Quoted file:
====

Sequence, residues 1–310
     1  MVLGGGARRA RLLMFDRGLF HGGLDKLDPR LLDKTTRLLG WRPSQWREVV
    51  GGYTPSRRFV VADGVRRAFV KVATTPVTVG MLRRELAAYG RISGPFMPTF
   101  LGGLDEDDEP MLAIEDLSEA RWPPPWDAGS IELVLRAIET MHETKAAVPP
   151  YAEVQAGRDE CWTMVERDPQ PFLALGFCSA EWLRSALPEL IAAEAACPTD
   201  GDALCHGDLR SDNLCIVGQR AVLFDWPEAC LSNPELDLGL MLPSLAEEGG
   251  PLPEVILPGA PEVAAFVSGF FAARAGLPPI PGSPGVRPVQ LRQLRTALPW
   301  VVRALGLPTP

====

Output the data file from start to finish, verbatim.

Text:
Sequence, residues 1–310
     1  MVLGGGARRA RLLMFDRGLF HGGLDKLDPR LLDKTTRLLG WRPSQWREVV
    51  GGYTPSRRFV VADGVRRAFV KVATTPVTVG MLRRELAAYG RISGPFMPTF
   101  LGGLDEDDEP MLAIEDLSEA RWPPPWDAGS IELVLRAIET MHETKAAVPP
   151  YAEVQAGRDE CWTMVERDPQ PFLALGFCSA EWLRSALPEL IAAEAACPTD
   201  GDALCHGDLR SDNLCIVGQR AVLFDWPEAC LSNPELDLGL MLPSLAEEGG
   251  PLPEVILPGA PEVAAFVSGF FAARAGLPPI PGSPGVRPVQ LRQLRTALPW
   301  VVRALGLPTP